Prehistoric rock art in Morocco

Prehistoric rock art in Morocco

Cataloguing Rock Art in Morocco

Rock art is found throughout the Sahara, principally in the desert mountain and hill ranges, where stone ‘canvas’ is abundant: including the highlands of Adrar in Mauritania and Adrar des Ifoghas in Mali, the Atlas Mountains of Morocco and Algeria, the Tassili n’Ajjer and Ahaggar Mountains in Algeria, the mountainous areas of Tadrart Acacus and Messak in Libya, etc, as well as the length of the Nile Valley.

Explorations in the early twentieth century by celebrated travellers, ethnographers and archaeologists brought the rock art of the Sahara, and rock art in Morocco and northern Africa, to the awareness of a European public.

Rock art in Morocco (Ait Ouazik gazelle)

Since 2013, the British Museum has engaged in a project to study and catalogue the rock art images of Africa, including rock art in Morocco in both the Atlas mountains and the Sahara, digitally preserving African rock art, ensuring global open access well into the future. Their research provides new information and perspectives on the collection and the ancient and modern cultures it represents.

Please visit the British Museum’s website for more information, click here.

Rock Art in Morocco – the site of Ait Ouazik

More than 300 rock art sites have been documented in Morocco, mainly located in two areas: the High Atlas Mountains, and the Sahara desert region to the south and east. They comprise mainly engravings (as opposed to paintings), which could be up to 5,000 years old, and include domestic and wild animals, warriors, weapons and scenes of battles and hunting. Antelope and cattle are the most represented animals in Moroccan rock art, although elephants and rhinoceros are common. 921 images have been catalogued across the various sites.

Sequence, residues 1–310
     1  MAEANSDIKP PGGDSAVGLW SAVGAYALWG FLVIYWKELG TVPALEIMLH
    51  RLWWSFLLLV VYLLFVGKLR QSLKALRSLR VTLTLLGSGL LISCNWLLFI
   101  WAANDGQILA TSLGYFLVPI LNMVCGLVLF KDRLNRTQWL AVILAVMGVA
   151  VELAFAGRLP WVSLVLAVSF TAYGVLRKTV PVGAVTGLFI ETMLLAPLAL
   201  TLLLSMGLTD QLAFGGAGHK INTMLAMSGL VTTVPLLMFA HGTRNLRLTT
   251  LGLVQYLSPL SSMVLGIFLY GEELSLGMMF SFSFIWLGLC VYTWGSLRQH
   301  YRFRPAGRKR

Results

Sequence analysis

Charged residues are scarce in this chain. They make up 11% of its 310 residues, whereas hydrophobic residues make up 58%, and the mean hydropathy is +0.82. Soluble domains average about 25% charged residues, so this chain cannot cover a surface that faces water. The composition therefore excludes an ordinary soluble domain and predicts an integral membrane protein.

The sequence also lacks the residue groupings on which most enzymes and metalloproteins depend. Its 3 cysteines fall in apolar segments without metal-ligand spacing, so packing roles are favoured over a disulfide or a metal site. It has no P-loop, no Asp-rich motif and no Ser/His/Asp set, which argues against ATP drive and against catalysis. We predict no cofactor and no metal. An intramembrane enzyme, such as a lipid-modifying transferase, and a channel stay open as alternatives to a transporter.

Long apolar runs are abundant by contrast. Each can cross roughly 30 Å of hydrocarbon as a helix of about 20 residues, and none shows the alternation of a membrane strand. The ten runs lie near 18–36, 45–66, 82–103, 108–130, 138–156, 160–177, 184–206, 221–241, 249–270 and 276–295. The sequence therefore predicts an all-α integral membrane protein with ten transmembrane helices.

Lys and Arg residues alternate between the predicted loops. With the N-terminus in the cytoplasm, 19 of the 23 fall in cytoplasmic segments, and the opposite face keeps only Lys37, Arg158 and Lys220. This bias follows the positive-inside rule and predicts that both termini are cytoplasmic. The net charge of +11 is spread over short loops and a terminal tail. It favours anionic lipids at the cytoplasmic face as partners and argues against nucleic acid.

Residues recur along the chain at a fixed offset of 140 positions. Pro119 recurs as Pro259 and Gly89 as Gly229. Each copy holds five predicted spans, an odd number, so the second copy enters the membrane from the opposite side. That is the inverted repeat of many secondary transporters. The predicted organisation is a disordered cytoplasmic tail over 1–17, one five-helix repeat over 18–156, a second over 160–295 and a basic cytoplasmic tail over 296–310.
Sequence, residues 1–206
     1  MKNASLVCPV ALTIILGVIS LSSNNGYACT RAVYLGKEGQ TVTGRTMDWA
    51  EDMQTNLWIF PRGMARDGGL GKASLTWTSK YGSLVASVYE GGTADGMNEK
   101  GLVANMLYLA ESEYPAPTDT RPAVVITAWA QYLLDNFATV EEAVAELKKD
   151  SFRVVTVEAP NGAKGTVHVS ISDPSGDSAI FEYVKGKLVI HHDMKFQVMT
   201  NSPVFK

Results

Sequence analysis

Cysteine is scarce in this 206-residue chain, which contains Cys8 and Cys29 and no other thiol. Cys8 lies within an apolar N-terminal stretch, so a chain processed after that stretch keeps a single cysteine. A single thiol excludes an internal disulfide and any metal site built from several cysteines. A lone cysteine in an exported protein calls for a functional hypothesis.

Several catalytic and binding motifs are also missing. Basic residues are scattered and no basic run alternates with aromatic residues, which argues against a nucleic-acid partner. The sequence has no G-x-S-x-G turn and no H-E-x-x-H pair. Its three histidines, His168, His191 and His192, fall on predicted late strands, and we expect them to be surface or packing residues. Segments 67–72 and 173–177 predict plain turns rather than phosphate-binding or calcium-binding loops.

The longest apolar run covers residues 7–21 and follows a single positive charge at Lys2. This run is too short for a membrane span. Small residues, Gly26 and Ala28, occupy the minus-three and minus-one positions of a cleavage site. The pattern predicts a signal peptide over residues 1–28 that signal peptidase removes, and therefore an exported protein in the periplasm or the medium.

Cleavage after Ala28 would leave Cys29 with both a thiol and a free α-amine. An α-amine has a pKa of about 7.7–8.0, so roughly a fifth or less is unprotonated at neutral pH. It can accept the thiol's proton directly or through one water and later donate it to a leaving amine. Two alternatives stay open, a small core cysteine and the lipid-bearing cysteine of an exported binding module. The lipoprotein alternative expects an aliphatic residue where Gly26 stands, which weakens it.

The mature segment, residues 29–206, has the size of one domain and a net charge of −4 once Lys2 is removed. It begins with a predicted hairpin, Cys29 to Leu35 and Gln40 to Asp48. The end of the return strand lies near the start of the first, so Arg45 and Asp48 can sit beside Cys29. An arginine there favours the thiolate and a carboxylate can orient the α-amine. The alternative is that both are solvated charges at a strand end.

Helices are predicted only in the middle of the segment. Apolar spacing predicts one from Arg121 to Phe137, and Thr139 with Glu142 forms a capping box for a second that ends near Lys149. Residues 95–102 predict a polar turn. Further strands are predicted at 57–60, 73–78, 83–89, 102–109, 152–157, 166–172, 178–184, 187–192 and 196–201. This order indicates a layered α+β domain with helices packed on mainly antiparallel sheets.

Rock art in Morocco at Ait Ouazik (antelope)

One of the most renowned and well-preserved sites of rock art in Morocco is that at Ait Ouazik near Tazzarine/Zagora. Getting there involves at least a half day’s round-trip out of Zagora and some of that on piste (unsurfaced tracks). This can be combined with one of our longer tours to the desert.

Being in such a remote location you may find the site at Ait Ouazik to yourselves. There is a local guardian/caretaker who has taken a special interest in the rock art and shows visitors around. Over the years some stones have already been removed to use in construction down at the village and the guardian is ensuring no more are taken.

Rock art in Morocco (wheel)

We were captivated by the images carved on the stones and representation of animal life on the continent thousands of years ago (the Sahara desert is, after all, relatively young). The site lies in a broad, dry valley with occasional palm trees and Acacia trees providing verdant relief. It is easy to picture a greener landscape of savanna in this part of Morocco.

We hope you enjoy some of the images we took. If you’re at all interested in extending your tour in the south to visit the Ait Ouazik rock art site near Tazzarine/Zagora please let us know.

Rock art in Morocco at Ait Ouazik

Further images are on our highlights reel (rock art in Morocco) on Instagram.

 

The Spirit of Community in Morocco

The Spirit of Community in Morocco

Morocco’s culture and spirit of community

“So, what can I expect when I visit Morocco, tell me something more about Morocco’s culture?” It’s so close to Europe, yet so much further beyond in terms of culture and history. The Arabic name given for Morocco by medieval historians and geographers is ‘al-Maghrib al-Aqsa’, translated as furthest Westerly Kingdom (of the Maghreb countries, in North West Africa). Morocco is just 13km from mainland Spain, and even shares a land border with Spanish territory.